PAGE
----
However, officials on board the ABAN Pearl managed to get the situation under control some time later, allowing the crew members to remain safely on the vessel.
Up to news time, though, officials were still trying to determine what caused the choppy waters to seep into the rig.
The ABAN Pearl, a semi-submersible rig, was located two nautical miles, south-western end, off Point Baline, Gasper Grande Island.
It was said to be headed for neighbouring Venezuela at the time of the mishap.
Amatrin Marine are the local agents for the vessel. The rig had been in dry dock in Chaguaramas earlier in the week for maintenance.
Public relations officer of the Coast Guard Kirk Jean-Baptiste said they received the distress call at Staubles Bay around 3.15 pm yesterday.
“We were told that the oil rig, the Pearl, was leaning to the side because the floatation device was taking in water,” Jean-Baptiste said in a telephone interview.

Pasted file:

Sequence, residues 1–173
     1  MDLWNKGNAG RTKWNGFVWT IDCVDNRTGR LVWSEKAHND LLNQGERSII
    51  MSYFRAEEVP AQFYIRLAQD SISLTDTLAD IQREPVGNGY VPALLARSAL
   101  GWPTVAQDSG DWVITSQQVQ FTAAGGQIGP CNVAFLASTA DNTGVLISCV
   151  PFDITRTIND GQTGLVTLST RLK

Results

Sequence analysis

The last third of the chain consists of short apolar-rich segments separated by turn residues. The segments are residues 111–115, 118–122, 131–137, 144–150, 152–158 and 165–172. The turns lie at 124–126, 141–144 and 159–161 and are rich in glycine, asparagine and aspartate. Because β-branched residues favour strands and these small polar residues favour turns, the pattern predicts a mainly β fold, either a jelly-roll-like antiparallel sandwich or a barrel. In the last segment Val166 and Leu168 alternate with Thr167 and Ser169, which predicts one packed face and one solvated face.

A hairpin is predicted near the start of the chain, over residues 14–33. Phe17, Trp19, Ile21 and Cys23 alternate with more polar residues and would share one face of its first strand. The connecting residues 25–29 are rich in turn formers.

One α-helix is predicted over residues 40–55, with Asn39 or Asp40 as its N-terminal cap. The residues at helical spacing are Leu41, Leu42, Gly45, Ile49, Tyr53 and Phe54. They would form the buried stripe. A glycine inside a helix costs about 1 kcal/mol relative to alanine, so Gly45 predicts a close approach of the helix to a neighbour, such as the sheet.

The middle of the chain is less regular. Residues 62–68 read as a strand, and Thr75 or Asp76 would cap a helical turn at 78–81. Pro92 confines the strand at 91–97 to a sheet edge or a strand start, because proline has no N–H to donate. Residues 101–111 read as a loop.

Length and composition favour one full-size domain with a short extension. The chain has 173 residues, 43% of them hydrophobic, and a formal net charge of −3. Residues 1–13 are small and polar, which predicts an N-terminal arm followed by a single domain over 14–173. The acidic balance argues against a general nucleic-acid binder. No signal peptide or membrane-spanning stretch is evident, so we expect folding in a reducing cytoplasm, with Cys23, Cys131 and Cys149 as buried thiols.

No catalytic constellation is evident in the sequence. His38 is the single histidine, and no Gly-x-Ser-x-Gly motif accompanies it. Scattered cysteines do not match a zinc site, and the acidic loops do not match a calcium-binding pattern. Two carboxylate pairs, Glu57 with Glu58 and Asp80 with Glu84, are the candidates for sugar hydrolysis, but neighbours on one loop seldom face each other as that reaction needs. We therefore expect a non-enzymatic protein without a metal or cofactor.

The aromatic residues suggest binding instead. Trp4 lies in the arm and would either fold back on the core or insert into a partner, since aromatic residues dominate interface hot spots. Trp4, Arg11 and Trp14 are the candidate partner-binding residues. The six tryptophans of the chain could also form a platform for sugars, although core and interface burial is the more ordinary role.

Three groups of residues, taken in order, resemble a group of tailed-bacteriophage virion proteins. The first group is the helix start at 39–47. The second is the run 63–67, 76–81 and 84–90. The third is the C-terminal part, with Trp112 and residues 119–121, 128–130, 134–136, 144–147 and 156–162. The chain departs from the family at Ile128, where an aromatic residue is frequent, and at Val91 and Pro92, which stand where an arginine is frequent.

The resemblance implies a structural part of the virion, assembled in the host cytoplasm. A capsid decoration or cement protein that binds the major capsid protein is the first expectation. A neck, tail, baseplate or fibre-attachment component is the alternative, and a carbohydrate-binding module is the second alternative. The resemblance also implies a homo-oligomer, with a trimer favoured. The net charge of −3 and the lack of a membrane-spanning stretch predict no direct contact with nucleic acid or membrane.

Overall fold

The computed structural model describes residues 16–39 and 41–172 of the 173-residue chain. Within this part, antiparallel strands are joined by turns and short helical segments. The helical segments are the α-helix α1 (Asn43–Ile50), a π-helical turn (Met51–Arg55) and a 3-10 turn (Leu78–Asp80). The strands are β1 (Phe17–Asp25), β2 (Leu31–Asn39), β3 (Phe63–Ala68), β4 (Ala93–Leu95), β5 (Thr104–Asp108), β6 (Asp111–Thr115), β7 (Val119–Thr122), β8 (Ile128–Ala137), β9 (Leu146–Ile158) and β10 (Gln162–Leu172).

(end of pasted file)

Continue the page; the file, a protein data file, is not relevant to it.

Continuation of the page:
Jean-Baptiste said a Coast Guard crew was immediately despatched to the vessel.
The team, he said, comprised two interceptor crews, of eight members each, a dive team comprising four men and other rescue workers.
‘This was done as a precautionary measure because it is people’s lives you are dealing with,” he said.
But Jean-Baptiste said officials on the rig said some time later that they no longer required the assistance of the Coast Guard as they had managed to contain the situation.
“There are teams on board these vessels who are trained to deal with these things,” he added.
The Ministry of Energy and Energy Industries yesterday confirmed the incident, saying that three Coast Guard vessels had been called out to assist and rescue the crew after the rig began “taking in water on the starboard side of the vessel.”
“On reaching the scene, however, the Coast Guard noted that the situation had stabilised and there was no need to evacuate the rig’s 90 crew members and that all crew members were safe on board the rig,” the ministry said in a statement.
The ministry said the incident did not result in any pollution, adding it was on stand-by to assist if the need arose.
A semi-submersible rig is a mobile, off-shore drilling unit, usually for exploration purposes, that floats on the water’s surface above the subsea wall and is anchored.